Dante

Being a Dantephile myself, I must confess that my connection with Sophie intensified when I discovered that she, too, was passionate about The Divine Comedy.  Introduced to it as a teenager, she read it first in Italian, under the tutelage of her brother, Louis.  It was in Margaret Williams’ biography that I discovered the vignette describing Sophie pulling out a French translation of Dante and reading it aloud to her travel companions. (They were traveling through Italy in a stagecoach, and one wonders if her trapped companions shared her enthusiasm!) She was at this point in her sixties, and I like to infer from this anecdote that she never left home without it. . . . Her lifelong attraction to Dante is understandable, given Dante’s vision of God as an ultimately loving presence identified with fire and warmth. (I heard a famous Italian Dantista once assert that a Genoese pope, early in the 20th century, called Dante’s Commedia “the fifth gospel”!)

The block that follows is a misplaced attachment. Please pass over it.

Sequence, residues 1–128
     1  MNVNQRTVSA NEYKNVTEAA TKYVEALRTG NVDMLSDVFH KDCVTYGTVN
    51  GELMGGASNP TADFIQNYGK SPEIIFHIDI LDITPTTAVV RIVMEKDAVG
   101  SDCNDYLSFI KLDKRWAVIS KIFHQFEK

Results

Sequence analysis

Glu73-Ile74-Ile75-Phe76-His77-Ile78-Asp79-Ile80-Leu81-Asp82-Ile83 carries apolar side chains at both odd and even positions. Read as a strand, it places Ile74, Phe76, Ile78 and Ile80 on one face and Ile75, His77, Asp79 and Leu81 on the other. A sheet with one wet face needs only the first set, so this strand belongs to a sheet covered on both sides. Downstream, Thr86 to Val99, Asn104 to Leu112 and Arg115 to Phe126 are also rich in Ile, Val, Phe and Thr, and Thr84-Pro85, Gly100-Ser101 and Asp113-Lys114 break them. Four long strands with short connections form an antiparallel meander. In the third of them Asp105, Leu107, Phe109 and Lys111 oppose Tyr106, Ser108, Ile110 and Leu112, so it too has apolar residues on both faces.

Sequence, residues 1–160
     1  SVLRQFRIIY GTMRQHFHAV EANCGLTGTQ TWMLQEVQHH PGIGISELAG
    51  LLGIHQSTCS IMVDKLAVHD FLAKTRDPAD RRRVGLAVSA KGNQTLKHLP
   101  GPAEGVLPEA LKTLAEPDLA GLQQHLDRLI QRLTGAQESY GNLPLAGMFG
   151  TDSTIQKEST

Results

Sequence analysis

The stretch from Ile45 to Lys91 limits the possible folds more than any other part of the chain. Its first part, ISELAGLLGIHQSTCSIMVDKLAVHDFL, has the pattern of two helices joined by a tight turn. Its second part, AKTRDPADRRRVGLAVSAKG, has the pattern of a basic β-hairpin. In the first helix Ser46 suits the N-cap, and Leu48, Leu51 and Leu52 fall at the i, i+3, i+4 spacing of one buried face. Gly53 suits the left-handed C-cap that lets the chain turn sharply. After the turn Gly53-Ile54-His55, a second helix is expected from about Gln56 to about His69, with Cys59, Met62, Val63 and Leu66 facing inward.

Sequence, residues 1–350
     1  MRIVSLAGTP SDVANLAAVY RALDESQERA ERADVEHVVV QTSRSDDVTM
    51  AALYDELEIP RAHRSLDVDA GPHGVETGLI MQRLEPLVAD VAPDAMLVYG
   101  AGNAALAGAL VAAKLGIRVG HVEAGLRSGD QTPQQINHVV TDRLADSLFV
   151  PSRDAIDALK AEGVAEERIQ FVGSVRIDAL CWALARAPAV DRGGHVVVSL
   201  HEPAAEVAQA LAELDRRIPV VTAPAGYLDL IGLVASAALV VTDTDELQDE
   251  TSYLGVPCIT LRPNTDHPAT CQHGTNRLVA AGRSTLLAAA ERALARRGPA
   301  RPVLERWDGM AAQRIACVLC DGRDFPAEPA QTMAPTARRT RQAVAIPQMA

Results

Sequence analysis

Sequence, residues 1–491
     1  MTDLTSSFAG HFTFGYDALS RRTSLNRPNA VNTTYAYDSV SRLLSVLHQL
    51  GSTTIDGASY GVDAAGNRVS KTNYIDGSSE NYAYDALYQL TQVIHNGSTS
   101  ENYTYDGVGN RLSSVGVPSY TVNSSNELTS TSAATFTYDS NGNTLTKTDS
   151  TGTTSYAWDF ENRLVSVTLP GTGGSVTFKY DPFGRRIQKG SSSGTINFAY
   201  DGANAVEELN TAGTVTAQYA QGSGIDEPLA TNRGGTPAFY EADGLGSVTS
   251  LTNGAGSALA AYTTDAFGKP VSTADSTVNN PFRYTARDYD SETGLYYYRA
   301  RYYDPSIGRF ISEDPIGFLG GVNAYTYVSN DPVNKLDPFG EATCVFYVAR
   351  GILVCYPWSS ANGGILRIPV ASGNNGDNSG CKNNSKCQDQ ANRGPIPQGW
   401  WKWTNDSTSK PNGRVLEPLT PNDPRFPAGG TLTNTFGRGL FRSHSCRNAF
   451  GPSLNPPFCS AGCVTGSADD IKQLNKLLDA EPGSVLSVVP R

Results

In Part 3 (“Cancer”), Sophie quotes several lines from Purgatorio in a conversation with Guy. They are discussing the “scandal” of Célestine’s behavior, and Sophie uses Dante to help him understand his sister’s behavior. These are the central lines of the Divine Comedy (a poem of over 14,000 lines) and thus fraught with meaning. Dante’s guide Virgil expounds upon the nature of love (an idea that derives from Aristotle): “Né creator né creatura mai,” / Cominciò el, “figliuol, fu sanza amore, / O naturale o d’animo, e tu ‘l sai.” (Canto XVII) Roughly translated, the lines mean, “Neither the creator nor any of his creatures,’ he began,’ has ever existed without love, my son—whether that love be natural or of the mind, and you know this.” In subsequent lines, Virgil explains that human sin involves love for the wrong object–or love that is excessive.

In “Book of Revelations: Part II,” (Part 9) Sophie wonders about the truth of the statement that “art is the grandchild of God.”  This idea is voiced in the Inferno (Canto 11, the Circle of Violence), when Virgil explains to Dante why usurers are placed in hell–because they have defiled  or done violence to art. He explains, ” . . . l’arte vostra quella, quanto pote, / segue, come ‘l maestro fa ‘l discente; / sì che vostr’ arte a Dio quasi è nipote. Roughly translated:  “ . . . your art, insofar as it can, follows [Nature]—as a disciple follows his master; so that your art is a virtual grandchild of God.”

The image above, by Gustave Doré, shows Dante and Beatrice (his guide through heaven) contemplating the Celestial Rose in Paradiso 31.

 

 

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